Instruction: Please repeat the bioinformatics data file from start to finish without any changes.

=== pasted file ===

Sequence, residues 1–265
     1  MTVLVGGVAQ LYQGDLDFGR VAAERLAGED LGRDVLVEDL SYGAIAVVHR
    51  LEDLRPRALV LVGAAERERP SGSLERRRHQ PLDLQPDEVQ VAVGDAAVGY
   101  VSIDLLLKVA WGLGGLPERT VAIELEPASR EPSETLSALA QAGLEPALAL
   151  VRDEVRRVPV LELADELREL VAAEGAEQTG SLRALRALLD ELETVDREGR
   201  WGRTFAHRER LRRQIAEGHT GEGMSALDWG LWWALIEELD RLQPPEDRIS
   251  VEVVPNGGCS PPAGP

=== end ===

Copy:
Sequence, residues 1–265
     1  MTVLVGGVAQ LYQGDLDFGR VAAERLAGED LGRDVLVEDL SYGAIAVVHR
    51  LEDLRPRALV LVGAAERERP SGSLERRRHQ PLDLQPDEVQ VAVGDAAVGY
   101  VSIDLLLKVA WGLGGLPERT VAIELEPASR EPSETLSALA QAGLEPALAL
   151  VRDEVRRVPV LELADELREL VAAEGAEQTG SLRALRALLD ELETVDREGR
   201  WGRTFAHRER LRRQIAEGHT GEGMSALDWG LWWALIEELD RLQPPEDRIS
   251  VEVVPNGGCS PPAGP